Some teachers have done the unit during just a few weeks; others have embedded it in their coursework throughout the year. They deliver it in three phases: initial activities and the introduction of our “word wall” of basic journalism and news literacy terms and concepts, presentations by two to four journalists to each class, and a culminating hands-on student project.
We train the journalists to concentrate on our four pillars, to use anecdotes and activities to engage the students, and to include extensive time for Q. and A. and discussion. Our local coordinators work with the journalists to plan their presentations and to connect them in advance with the teachers.
Our goal is to give young people the critical thinking skills to be better students today and better-informed citizens tomorrow. We also want them to appreciate quality journalism and to use it as the standard against which to measure all information.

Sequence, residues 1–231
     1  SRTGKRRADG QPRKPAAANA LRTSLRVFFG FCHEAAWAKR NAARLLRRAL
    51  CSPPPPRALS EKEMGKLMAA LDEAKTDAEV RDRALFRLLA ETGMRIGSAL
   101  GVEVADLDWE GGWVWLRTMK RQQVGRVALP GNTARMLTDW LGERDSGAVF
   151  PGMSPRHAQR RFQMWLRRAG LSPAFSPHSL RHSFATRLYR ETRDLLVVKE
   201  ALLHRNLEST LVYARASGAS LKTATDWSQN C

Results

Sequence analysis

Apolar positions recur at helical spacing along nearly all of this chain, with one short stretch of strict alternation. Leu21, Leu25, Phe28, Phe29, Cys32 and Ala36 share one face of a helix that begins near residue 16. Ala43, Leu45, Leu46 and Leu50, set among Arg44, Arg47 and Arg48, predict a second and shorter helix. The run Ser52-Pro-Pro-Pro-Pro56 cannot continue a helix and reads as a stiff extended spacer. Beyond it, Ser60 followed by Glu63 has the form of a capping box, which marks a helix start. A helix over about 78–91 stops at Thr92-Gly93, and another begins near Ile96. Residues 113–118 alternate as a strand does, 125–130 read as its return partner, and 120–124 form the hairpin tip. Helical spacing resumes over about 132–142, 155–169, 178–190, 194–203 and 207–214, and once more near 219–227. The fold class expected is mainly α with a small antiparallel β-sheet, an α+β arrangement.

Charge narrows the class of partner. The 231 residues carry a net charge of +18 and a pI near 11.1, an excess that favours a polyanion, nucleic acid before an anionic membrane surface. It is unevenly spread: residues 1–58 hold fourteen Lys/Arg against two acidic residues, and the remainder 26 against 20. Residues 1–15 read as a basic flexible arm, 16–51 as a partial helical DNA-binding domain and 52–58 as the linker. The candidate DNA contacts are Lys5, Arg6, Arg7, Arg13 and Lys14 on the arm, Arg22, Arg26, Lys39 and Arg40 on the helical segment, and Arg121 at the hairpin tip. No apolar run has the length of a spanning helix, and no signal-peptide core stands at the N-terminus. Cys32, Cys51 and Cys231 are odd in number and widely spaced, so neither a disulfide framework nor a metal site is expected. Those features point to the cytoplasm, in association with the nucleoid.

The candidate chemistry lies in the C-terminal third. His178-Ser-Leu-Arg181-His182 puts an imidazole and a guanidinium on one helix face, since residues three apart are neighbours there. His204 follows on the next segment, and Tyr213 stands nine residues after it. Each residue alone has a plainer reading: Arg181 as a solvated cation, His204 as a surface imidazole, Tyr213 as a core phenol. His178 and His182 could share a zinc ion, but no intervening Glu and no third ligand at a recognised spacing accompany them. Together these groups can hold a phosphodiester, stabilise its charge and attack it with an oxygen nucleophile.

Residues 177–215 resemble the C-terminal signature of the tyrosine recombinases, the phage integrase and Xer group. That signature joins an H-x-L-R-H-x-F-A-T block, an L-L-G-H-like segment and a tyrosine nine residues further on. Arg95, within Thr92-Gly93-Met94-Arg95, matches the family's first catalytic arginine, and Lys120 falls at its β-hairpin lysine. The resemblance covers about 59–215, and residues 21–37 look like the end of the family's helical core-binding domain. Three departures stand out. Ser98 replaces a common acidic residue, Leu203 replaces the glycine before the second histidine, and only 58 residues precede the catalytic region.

One of our pilot projects was at Walt Whitman High School in Bethesda, Maryland, where we started with Advanced Placement (AP) U.S. government classes in the spring of 2009. This past school year we added English classes and reached about 625 students in the ninth, 10th and 12th grades.
“This is nirvana for me,” English teacher Marilee Roche said. “I’d give up ‘Hamlet’ for this.”
I’ve spent a lot of time in classes at Whitman. It’s been exhilarating to see journalists connect with students and spark lively discussions about such issues as identifying bias, assessing fairness, and verifying information, whether for a research paper or an investigative report.
I’ve also learned a great deal about the students’ own consumption habits, biases and views. They get a lot of information from social media or friends. Few read newspapers (either online or in print, even if their parents subscribe to one). Many don’t follow the news at all and most aren’t aware of the watchdog role of the press in a democracy. Before exposure to the project, few had any idea of the kind of reporting and vetting it generally takes to get a story into print or on the air.
I’ve also observed widespread distrust of the mainstream media. Students often feel that all journalism is driven by bias—political, commercial or personal. The students themselves frequently fail to distinguish between news and opinion in a media culture where those lines are increasingly blurred.